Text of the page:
By default, leaves react only when a different value writes to them. You can change this behavior by setting this property.

Note that setting this property has no effect if the leaf has been read by twigs or branches. Setting this property just after the leaf is created is the recommended way.

class Leaf: subject

Get a Subject for this leaf. Subsequent calls return the same one.

The subject responds to write() and observe().

class Leaf: read()

read() returns value. Additionally, calling read() inside a handler function causes the leaf to be collected by the owner of that handler function, which must be a twig or a branch.

class Leaf: write()

Set value property to a new value. It also causes the leaf to react if this new value differs from the old one (To change this behavior, see selector).

class Leaf: observe()

Subscribe an Observable and returns a Subscription. A write() cancels this subscription. Each value emitted by this observable is written to the leaf, like write() but without canceling this subscription.

class Leaf: unobserve()

Cancel all subscriptions created by observe(). A write() also cancels all those subscriptions.


class Twig

function createTwig<T>(handler: () => T): Twig<T>;
function defineTwig<T>(
  target: object,
  propertyKey: string | symbol,
  handler: () => T
): Twig<T>;
 
class Twig<T> implements Signal {
  static create = createTwig;
  static define = defineTwig;
  dirty: boolean;
  handler: () => T;
  readonly value: T;
  read(): T;
  write(value: T): void;
  clean(): void;
  notify(): void;
  connect(signal: Signal): void;
}

function createTwig()

Create a twig with a handler.

function defineTwig()

Create a twig with a handler, like createTwig(), but also defines a property for an object, which corresponds with this twig:

  • when you get this property, it returns twig.read().
  • when you set this property to something, it calls twig.write(something).

class Twig: dirty

Indicate whether the twig should update the cached value.

class Twig: handler

Get or set the handler.

If set, you may also want to set dirty to true and make a call to notify().

class Twig: value

Get the cached value computed from handler function.

If dirty is true, a new value returned by handler function will be cached and used instead. And then dirty is set to false.

Generally, you should consider using read() instead of getting this property.

class Twig: read()

read() returns value. Additionally, calling read() inside a handler function causes the twig to be collected by the owner of that handler function, which must be a twig or a branch.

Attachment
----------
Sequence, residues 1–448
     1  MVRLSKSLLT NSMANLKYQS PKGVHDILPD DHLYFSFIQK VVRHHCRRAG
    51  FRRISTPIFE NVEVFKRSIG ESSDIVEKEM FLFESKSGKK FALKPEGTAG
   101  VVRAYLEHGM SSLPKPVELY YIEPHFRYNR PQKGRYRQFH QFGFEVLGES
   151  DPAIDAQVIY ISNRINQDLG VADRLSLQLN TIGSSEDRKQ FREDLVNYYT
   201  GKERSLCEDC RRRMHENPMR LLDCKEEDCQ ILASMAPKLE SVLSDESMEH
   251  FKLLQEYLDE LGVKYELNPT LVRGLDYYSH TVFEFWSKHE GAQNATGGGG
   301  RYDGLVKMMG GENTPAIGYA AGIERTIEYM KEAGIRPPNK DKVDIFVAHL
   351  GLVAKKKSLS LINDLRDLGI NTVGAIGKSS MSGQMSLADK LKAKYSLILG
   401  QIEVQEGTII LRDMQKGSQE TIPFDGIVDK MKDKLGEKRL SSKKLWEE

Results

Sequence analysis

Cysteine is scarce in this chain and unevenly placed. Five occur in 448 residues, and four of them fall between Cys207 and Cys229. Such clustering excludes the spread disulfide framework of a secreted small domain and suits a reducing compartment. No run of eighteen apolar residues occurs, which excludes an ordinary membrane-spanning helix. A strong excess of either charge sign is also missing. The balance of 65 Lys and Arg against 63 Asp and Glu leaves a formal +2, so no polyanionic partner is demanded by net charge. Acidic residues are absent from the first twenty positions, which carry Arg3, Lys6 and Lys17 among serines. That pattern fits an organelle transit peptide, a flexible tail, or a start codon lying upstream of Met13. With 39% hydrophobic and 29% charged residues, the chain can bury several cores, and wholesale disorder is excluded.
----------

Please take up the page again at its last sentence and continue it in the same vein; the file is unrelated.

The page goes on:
class Twig: write()

By default, write() throws an error. Overwrite this property if you need it.

class Twig: clean()

Clean the twig if it's dirty.

class Twig: notify()

Force the twig to react.

class Twig: connect()

Connect a signal with the twig.

connect() should only be called inside the handler function.


class Branch

function createBranch(handler?: (branch: Branch) => void): Branch;
function createBranch(
  scheduler?: Scheduler,
  handler?: (branch: Branch) => void
): Branch;
 
class Branch {
  static create = createBranch;
  handler?: (branch: Branch) => void;
  scheduler?: Scheduler;
  readonly stopped: boolean;
  readonly disposed: boolean;
  run(): void;
  stop(): void;
  dispose(): void;
  freeze(): void;
  unfreeze(): void;
  schedule(): void;
  unschedule(): void;
  connect(signal: Signal): void;
  teardown(x: TeardownLogic): void;
  finalize(x: TeardownLogic): void;
}

function createBranch()

Create a branch with a handler and/or a scheduler.

If scheduler is not specified, but the parent branch has one, that one will be used. That is to say, inner branches share the same scheduler from their parent branch, if their scheduler are not set.

Schedulers are used to change the way how branches schedule when they react.

class Branch: handler

Get or set the handler.

If set, you need to call run() or schedule() to take effect.

class Branch: scheduler

Get or set the scheduler.

If not set, Scheduler.default is used.

class Branch: stopped

Check if the branch stops.

class Branch: disposed

Check if the branch disposes.

class Branch: run()

Force the branch to restart its procedure immediately.

An error throws if run() is called inside the handler function.

class Branch: stop()

Stop the branch.

class Branch: dispose()

Dispose the branch.

You can run() or schedule() a stopped branch again, but not a disposed one.

class Branch: freeze()

Freeze the branch. Subsequent reactive states will NOT be collected by the branch.

freeze() should only be called inside the handler function.

class Branch: unfreeze()

Unfreeze the branch, ready to collect subsequent reactive states.

unfreeze() should only be called inside the handler function.

unfreeze() need not be called if there is no subsequent reactive states after.

class Branch: schedule()

Make a schedule to run().

class Branch: unschedule()